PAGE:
How to make your finance data work harder

March 29, 2019

 

 

A business can never suffer from too much information. And we agree, for the most part. When it comes to data insights, however, the challenge is understanding the difference between information, data and intelligence writes Michael Pyliotis, VP APAC, Basware.

According to the Melbourne Business School, Australian companies risk falling behind global competitors owing to poor use of data. This is not an information problem – it’s an intelligence problem. The data may be available, but it may not be easy to interpret, compare, or use.

 

This is especially true for startups and small businesses (SMEs). The plethora of data available means we can move away from making decisions based on gut feel. However, if it’s not bought together correctly, we also risk only having one piece of the puzzle. This inevitably leads to siloed decision-making. Only by using the right data and treating it as a map to unlock insights, can SME’s truly harness data to reach their business goals.

 

Data has to be trustworthy to be meaningful

 

When it’s used right, data insights can predict trends, improve profits and ultimately, set the future of the business. For example, data can be used in accounts payable for everything from choosing preferred suppliers and analysing consumption patterns, to determining buying channels and improving savings – but only if the right systems are in place to get meaningful and trustworthy data.

 

According to Experian, 89% of Australian businesses struggle to manage their data and they’re not alone. The same research reveals that “70% of businesses globally struggle to unlock data’s true potential because of a lack of control, leaving many businesses with untrusted data that undermines business innovation and customer interactions”.

Unfortunately, many startups and SMEs still struggle to select and use data solutions that will help them transform their businesses for the better. This is often due to a lack of data-literacy, a skill which is essential for building data trust.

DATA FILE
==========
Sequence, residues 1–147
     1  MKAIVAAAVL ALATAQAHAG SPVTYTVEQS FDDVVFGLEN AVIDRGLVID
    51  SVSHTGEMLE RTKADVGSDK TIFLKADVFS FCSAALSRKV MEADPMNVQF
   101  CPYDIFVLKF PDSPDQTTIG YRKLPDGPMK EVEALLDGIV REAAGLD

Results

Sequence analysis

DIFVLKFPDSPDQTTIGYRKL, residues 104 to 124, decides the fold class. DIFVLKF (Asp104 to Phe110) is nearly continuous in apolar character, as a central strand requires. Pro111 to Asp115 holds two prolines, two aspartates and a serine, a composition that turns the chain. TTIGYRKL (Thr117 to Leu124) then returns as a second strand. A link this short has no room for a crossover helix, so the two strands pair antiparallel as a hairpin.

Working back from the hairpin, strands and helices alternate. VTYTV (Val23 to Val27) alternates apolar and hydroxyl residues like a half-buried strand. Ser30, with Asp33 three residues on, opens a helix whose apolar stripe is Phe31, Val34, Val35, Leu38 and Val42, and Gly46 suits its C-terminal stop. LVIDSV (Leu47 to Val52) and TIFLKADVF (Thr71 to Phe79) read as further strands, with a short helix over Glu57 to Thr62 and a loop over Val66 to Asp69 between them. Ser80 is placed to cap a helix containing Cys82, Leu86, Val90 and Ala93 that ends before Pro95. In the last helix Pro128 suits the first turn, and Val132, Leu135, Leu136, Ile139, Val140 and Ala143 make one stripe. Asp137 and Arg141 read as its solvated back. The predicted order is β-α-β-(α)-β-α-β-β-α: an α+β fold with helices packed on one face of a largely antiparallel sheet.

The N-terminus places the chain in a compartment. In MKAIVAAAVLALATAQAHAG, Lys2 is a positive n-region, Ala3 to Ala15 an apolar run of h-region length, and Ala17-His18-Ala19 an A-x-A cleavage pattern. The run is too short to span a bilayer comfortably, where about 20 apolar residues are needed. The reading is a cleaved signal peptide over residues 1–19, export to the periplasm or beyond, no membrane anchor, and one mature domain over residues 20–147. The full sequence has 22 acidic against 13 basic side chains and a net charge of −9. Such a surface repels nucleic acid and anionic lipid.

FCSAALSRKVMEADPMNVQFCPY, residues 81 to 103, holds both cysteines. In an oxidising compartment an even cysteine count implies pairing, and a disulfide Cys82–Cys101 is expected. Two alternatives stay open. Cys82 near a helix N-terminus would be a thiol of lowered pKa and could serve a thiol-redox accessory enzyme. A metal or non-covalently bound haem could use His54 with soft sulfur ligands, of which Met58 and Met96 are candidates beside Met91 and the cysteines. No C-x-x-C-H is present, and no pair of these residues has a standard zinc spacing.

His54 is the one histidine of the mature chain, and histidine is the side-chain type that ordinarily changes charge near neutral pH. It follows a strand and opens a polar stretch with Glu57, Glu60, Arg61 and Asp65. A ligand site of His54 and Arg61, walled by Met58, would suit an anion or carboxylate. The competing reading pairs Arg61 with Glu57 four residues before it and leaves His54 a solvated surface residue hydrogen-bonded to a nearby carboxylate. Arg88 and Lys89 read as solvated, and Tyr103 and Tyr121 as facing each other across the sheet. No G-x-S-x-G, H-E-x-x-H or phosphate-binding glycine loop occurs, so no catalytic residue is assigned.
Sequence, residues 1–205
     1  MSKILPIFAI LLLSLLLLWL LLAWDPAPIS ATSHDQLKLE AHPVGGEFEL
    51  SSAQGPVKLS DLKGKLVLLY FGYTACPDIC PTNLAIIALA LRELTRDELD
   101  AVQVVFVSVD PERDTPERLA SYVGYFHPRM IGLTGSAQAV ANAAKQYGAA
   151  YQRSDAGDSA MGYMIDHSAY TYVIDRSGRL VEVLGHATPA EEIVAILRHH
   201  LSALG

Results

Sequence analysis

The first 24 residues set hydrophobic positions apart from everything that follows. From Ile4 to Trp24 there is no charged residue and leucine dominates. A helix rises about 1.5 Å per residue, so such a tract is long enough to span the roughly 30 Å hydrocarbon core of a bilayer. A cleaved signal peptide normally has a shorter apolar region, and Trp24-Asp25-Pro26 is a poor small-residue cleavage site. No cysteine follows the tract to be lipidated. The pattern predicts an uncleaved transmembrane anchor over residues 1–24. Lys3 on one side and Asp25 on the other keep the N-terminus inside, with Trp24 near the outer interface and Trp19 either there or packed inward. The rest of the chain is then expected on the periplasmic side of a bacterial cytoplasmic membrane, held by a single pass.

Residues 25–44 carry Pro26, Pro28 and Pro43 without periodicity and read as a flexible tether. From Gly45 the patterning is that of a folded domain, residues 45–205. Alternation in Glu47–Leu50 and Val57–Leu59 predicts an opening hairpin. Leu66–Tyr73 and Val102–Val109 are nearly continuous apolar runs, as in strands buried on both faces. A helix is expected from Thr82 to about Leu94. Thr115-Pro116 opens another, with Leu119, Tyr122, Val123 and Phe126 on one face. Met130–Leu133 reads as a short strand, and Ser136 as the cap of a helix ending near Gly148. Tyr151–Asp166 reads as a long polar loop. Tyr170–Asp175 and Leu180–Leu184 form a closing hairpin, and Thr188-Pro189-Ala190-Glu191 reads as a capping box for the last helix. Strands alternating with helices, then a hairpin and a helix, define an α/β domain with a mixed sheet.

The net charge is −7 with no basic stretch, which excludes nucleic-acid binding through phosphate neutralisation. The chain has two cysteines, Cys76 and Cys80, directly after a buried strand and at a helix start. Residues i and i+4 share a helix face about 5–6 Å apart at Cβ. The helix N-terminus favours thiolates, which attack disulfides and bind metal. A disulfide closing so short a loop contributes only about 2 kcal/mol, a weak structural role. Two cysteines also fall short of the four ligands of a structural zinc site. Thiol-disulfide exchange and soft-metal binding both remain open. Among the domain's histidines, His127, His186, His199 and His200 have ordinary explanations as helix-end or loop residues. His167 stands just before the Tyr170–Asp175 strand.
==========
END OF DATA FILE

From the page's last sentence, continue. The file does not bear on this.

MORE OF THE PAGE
There has to be a better way to trust and use data

 

Many businesses suspect their customer information is inaccurate. But what if there was a way to use customer intelligence to manage a business’s own information? What if we sought to interrogate our own systems, taking finance and procurement as an example, to predict our customer’s behaviours and offer them incentives for early settlement? Aside from the information the customer gives you directly, there are a host of other patterns that can be gleaned from all data sets.

 

This is something we’ve focused on heavily at Basware. In building our systems, we’ve found that the solution to the above question lies in using consistent, valid data and having the right tools in place to capture it from the very start. For data to be valid, usable and ultimately give finance and procurement the power to predict the future, it has to come from and be serviced by technologies that help, not hinder, the employees who use it to make meaningful change in their organisation.

 

Data doesn’t exist in isolation. Or, at least, it shouldn’t. With the right software solutions in place, data can be shared across organisations and platforms so that it works with your employees, allowing them to solve problems now, and adapt in the future. A combination of people and technology – or a mind-machine partnership, as we call it – is key to increasing collaboration between employees from every relevant department of your organisation: from those who generate data, to those who process it, to those who interpret and act upon the insights.

 

Data is useless unless you use it

 

Data is only as good as its interpretation. Once your data is trustworthy, the next step is to ensure that insights are supporting your business strategy. Take procurement, for example. At the basic level your data can help you analyse invoice cycle times and detect invoice processing exceptions. At a more advanced level, you can flag invoices that are likely to be paid late, or benchmark invoice cycle times across suppliers to set best practice.

Further to this, are the obvious benefits of freeing staff up for more value-added tasks: to move them from inputting, to analysing. This trend is already in place and Gartner predicts that by 2022, manual data management tasks will be reduced by 45% through the use of machine learning and automated service-level management.

 

That’s just the beginning.

 

Effective data use will future-proof your business: but only if the right data is in the right place. And to achieve this, you need the right tools to garner these insights.

 

 

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